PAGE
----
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  • Emily Sung


Updated: Dec 11, 2021

by Emily Sung


It started with #OscarsSoWhite and has now turned to #GrammysSoMale. Alessia Cara is

the only woman that received a solo woman award in the 2017 Grammys ignited a spark among fans across the globe, saying that the Grammys were biased towards male singers and did not even give a mere opportunity for women to shine. Both awards show displayed blatant

discrimination toward minorities, and people sought for a change.

It is also statistically shown, according to the Forbes, that the Grammy nominees between

2013 to 2019 included merely 10.4 percent of women and that they have a significantly lesser

chance of winning as well. The 2015 Grammys Song of the Year went to Ed Sheeran’s “Thinking Out Loud”, the 2017 award to “That’s What I Like” by Bruno Mars, and the 2018 one

to Childish Gambino’s “This is America.”

Not only is the disparity between genders portrayed through the irregular distribution of

awards, but it also is exhibited by the views of the public towards these singers. Male singers

such as Ed Sheeran, Bruno Mars, or Charlie Puth are regarded as highly respectful, true musicians, whereas female singers, including Taylor Swift, Beyonce, and Lady Gaga are viewed as people begging for attention simply because of the public stereotype. It is normal to simply view female singers and their stages in that manner, and it has been so deeply ingrained in people’s minds that it is now regarded as a conventional pop culture to segregate the stages and performances of female and male singers. It is also shown that the talent that female singers have is also degraded due to the constant compliments about body shape or facial features, which significantly decrease when the subject turns to men. For instance, the comments for videos posted on platforms such as YouTube drastically differ for male and female singers, where male singers are complimented for their voice and stage manner, but female singers for their looks, body, and makeup.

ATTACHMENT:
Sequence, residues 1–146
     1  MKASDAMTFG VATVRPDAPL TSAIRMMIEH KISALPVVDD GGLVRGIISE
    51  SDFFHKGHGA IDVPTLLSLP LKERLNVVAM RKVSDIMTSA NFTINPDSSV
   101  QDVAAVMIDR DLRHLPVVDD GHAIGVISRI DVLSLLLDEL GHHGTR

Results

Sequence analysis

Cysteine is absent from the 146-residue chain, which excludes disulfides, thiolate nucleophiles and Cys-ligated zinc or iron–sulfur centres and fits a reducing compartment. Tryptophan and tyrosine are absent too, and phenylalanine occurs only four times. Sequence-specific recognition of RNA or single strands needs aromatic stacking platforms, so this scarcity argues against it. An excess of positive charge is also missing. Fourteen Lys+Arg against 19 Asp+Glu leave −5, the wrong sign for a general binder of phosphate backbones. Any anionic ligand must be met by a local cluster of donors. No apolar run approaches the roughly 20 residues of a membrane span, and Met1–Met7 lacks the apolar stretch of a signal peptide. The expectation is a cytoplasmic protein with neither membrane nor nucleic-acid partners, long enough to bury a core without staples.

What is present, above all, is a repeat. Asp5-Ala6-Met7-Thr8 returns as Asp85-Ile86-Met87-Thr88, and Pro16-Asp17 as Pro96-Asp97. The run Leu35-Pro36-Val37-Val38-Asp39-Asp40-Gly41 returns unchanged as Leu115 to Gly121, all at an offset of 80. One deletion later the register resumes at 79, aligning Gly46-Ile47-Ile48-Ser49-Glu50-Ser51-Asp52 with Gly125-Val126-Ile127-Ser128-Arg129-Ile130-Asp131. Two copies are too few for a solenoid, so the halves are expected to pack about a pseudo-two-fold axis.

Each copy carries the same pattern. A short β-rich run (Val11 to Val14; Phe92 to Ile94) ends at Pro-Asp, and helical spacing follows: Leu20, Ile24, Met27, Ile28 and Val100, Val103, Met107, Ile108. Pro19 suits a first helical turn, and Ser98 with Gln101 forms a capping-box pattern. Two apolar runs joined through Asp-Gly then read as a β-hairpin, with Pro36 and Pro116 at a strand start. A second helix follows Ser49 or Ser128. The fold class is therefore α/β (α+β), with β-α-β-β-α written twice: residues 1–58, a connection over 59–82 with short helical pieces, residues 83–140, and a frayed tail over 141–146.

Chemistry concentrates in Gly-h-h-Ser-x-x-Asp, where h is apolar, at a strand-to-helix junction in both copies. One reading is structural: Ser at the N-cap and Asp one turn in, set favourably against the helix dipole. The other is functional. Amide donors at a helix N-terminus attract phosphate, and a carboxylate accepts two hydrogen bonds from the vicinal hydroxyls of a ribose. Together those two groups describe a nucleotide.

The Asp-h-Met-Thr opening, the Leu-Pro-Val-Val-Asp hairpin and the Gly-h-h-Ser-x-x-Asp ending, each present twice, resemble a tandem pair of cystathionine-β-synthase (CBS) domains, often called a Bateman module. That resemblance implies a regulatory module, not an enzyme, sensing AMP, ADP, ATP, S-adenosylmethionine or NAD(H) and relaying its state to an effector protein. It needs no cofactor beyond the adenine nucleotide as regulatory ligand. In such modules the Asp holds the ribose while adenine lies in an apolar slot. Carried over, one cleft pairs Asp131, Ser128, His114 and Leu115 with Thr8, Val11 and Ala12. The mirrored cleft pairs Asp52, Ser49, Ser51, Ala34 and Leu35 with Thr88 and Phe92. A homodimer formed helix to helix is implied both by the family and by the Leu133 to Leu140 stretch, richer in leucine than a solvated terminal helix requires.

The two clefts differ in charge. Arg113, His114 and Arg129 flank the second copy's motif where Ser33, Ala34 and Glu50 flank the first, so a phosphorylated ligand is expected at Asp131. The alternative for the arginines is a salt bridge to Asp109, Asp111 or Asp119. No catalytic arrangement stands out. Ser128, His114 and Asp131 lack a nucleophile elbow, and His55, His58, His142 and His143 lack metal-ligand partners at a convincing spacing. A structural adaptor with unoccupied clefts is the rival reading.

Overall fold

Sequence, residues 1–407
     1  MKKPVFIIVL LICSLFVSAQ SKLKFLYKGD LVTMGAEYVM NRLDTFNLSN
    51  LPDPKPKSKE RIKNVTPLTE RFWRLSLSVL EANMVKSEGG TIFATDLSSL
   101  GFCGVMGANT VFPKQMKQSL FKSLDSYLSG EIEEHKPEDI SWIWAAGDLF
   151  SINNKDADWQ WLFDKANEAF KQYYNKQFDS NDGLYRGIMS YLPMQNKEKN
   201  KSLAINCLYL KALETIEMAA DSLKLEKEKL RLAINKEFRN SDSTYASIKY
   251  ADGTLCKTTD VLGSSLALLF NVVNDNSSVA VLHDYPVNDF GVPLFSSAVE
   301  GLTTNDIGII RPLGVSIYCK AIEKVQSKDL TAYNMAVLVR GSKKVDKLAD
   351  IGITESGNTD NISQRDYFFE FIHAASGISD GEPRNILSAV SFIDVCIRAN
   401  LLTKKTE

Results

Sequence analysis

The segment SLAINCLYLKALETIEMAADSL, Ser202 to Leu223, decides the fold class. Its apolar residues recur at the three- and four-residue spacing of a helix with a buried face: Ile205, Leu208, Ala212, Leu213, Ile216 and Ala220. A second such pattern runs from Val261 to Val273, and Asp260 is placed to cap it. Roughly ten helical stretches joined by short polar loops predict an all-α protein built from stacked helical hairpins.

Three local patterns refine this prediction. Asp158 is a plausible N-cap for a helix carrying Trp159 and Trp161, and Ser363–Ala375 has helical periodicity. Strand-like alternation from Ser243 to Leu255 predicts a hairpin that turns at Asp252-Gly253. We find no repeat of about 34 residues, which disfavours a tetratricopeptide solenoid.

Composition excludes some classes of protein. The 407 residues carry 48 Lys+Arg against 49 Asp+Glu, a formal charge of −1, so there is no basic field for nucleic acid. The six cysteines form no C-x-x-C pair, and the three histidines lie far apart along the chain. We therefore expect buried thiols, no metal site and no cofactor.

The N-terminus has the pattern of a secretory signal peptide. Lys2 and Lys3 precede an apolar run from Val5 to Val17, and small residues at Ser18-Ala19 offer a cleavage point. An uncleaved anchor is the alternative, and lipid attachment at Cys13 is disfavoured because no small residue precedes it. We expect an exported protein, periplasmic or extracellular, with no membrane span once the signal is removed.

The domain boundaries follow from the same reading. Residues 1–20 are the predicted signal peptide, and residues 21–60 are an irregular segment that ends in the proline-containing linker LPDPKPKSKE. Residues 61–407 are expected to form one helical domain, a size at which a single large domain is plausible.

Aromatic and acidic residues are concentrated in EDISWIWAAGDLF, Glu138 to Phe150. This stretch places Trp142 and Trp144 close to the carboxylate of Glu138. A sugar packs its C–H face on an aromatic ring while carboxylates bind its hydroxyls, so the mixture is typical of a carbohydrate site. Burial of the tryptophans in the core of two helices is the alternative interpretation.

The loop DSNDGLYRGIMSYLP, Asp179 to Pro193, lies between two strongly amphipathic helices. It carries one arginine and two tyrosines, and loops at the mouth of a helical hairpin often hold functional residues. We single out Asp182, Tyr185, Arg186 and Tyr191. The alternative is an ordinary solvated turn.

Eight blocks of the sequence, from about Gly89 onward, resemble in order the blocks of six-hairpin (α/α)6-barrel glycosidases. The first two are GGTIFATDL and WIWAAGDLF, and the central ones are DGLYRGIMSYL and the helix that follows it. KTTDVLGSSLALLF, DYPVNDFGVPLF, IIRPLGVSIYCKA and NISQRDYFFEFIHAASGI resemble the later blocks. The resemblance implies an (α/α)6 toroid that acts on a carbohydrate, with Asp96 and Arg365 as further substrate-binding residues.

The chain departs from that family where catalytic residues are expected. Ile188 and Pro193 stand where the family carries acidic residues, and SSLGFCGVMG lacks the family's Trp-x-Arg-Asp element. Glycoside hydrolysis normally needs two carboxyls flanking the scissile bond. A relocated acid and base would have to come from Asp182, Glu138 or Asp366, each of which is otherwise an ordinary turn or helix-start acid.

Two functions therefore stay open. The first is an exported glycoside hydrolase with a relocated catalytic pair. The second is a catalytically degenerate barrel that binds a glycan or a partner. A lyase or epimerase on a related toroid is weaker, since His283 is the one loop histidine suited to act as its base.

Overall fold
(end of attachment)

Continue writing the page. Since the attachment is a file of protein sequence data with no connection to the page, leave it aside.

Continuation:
Even in the more familiar setting of South Korea and K-pop, the generic male group

concept would be perceived as attractive and musically talented. However, the public does not expect anything more from female groups than to be sexy or cute. Female groups, without the freedom to explore other concepts, are trapped in a box requiring them to be like simple dolls for the public. That is why the stage clothes of female groups and singers in South Korea are so revealing-- for the public to admire their body shape instead of focusing on their vocal talent. The reason why the makeup of female singers tend to be thicker than male singers because they need to look attractive for their group can gain popularity.

The sad reality of gender disparity seems to be unending. However, it is visible that the public is currently aiming to minimize this gap. Although opinions on this issue differ, people are slowly starting to respect females for their talent, complimenting female singers on their voice, vocal range, and stage presence, which did not previously exist. Constant efforts from the public including hashtag movements and petitions to large music corporations are striving for a change in musical power for women, and the future seems bright as positive change seems to be happening in the status quo.


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